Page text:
Cutting Through Spiritual Materialism

Cutting Through Spiritual MaterialismThe Now Classic Cutting Through Spiritual Materialismis The Record Of Two Series Of Lectures Given By Trungpa Rinpoche In 1970 71 First Discussed Are The Various Ways In Which People Involve Themselves In Spiritual Materialism, The Many Forms Of Self Deception Into Which Aspirants May Fall After This Tour Of The Sidetracks Along The Way, The Broad Outlines Of The True Spiritual Path Are Discussed The Approach Presented Is A Classical Buddhist One Not In A Formal Sense, But In The Sense Of Presenting The Heart Of The Buddhist Approach To Spirituality Although The Buddhist Way Is Not Theistic, It Does Not Contradict The Theistic Disciplines Rather The Differences Between The Ways Are A Matter Of Emphasis And Method The Basic Problems Of Spiritual Materialism Are Common To All Spiritual Disciplines.

Meditation in Action , the first of fourteen books on the spiritual path published during his lifetime The following year he married

➶ Cutting Through Spiritual Materialism Free ➬ Author Chögyam Trungpa –
  • Paperback
  • 250 pages
  • Cutting Through Spiritual Materialism
  • Chögyam Trungpa
  • English
  • 02 August 2019
  • 9780877730507

10 thoughts on “Cutting Through Spiritual Materialism

  1. Andrea says:

    I d flipped through this many times before and read parts over the years, and it seems like there s always something new that stands out This time, it s a reminder of what I love most about the Buddhist approach to the awakened state that it s something that always exists, not something we need to try to create Over the last year or so, I ve seen and been part of so much striving and so much reaching, working, studying intensely, and taking Oh So Seriously the spiritual life an approach that, of course, only confuses matters When in reality, the awakened state is an act of just being Just being sane Just letting be.I see it happen with my yoga students and peers all the time they practice yoga for some period of time, then start getting really excited about the spiritual side of yoga, and then start doing all this reading and doing all these other practices and making all these rules that they believe they must follow in order to stay on this spiritual path And it s like as soon as they start adding...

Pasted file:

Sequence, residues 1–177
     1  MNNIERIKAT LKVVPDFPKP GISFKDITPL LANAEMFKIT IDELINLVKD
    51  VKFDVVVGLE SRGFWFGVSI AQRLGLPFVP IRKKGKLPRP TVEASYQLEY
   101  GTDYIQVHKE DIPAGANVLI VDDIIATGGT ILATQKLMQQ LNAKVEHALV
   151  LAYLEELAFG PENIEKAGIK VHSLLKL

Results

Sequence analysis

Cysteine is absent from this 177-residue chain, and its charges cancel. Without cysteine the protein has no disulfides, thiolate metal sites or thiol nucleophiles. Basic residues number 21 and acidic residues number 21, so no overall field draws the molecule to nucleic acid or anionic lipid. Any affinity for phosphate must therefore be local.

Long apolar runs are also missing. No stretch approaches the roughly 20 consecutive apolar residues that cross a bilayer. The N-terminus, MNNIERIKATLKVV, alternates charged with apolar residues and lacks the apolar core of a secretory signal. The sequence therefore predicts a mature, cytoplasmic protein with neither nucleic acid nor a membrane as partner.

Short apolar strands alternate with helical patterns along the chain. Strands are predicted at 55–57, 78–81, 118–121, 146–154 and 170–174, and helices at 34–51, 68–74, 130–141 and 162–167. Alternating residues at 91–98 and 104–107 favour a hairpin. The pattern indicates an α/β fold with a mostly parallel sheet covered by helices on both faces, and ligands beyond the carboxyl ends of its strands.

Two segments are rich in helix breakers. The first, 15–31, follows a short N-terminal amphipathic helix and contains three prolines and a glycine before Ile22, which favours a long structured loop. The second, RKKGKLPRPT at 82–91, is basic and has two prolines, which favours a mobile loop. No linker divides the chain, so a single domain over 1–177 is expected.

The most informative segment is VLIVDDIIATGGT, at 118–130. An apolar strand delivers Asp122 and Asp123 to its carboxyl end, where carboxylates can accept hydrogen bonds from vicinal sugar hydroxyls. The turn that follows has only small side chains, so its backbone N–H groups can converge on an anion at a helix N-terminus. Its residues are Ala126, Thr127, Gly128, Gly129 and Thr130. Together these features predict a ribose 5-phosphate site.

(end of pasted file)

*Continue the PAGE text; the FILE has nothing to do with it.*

2. Roy Lotz says:

    We do not consider how we are going to vomit we just vomit. Ch gyam Trungpa was a charismatic and controversial figure in the Western popularization of Buddhism As a teenager in Tibet, Trungpa fled the Chinese in an escape that involved swimming across a river under gunfire, climbing the Himalayas, and running so short of food that he had to eat his leather belt and bag Eventually he emigrated to the United States, where he founded several schools, and pioneered a secular interpretation of Buddhism, Shambhala Training You may be surprised to learn that Trungpa, far from being an ascetic monk, also had notorious penchants for bedding his female students and for going on drunken debauches.My interest in Trungpa was sparked by reading a book on meditation by his disciple, Pema Ch dr n, which I thought was excellent Spiritual Materialism, Trungpa s most famous book, contains two series of lectures Trungpa gave, in 1970 71, about the pitfalls of the spiritual path and how to overcome them As such, this series of lectures is largely theoretical rather than practical how to think about the spiritual path rather than what to do once you re on it even if there are practical ramifications Spiritual materialism is Trungpa s term for the ways that the ego co opts spirituality for its own benefit Ego is our sense of self In Buddhist thought, this sense of self is illusory the self is a pro...

  3. Gabrielle says:

    Ego is able to convert everything to its own use, even spirituality Spiritual materialism can be defined as a self delusion that some people have, when what they believe to be spiritual development is in fact strengthening their ego It s a very common trapping for students of Buddhism but not exclusively it actually occurs in all spiritual disciplines , and by publishing the notes from his talks, Chogyam Trungpa wished to help his students understand how they could avoid falling into it.Shallow spirituality can seem paradoxical, but it s common than we might imagine Many people are drawn to the esthetics of Eastern traditions it is beautiful and exotic and because they feel glamorous integrating parts of that in their lives it does make one sound special and worldly, doesn t it , but in those cases there s rarely any depth or honesty to the practice Sometimes the delusion is subtle, like believing that following a teacher absolves the student of any kind of responsibility and power, that once there s been an enlightenment experience one doesn t need to work on themselves any, or simply the arrogance that having encountered insight makes one b...

  4. Jenifer R. says:

    The spiritual path is lonely There is nothing to fall back on It could be a terrifying experience to have no one to relate to, nothing to relate with Yep.I love this book I first read it in the context of a reading group, and the collective feeling of discomfort in our discussions was palatable As it moves along, the book becomes a little complex Trungpa goes further into Buddhism, to its psychology and understanding of mind, to the four noble truths, techniques of meditation, shunyata nothingness , Buddhist ontology and epistemology a philosophical turn , to compassion and even a brief bit on the tantra This book is rich, and introduces a great deal Any ideas of spirituality as something out there to attain, or as some kind of self improvement will be quickly struck down This is definitely not a book for the new agey, feel good crowd But on second thought, maybe it is Disappointment is the best chariot to use on the path of the dharma This book is a record of a series of talks Trungpa gave to students in the early 70 s At the end of each of his talks, there is a QA with students, which produces some interesting questions ...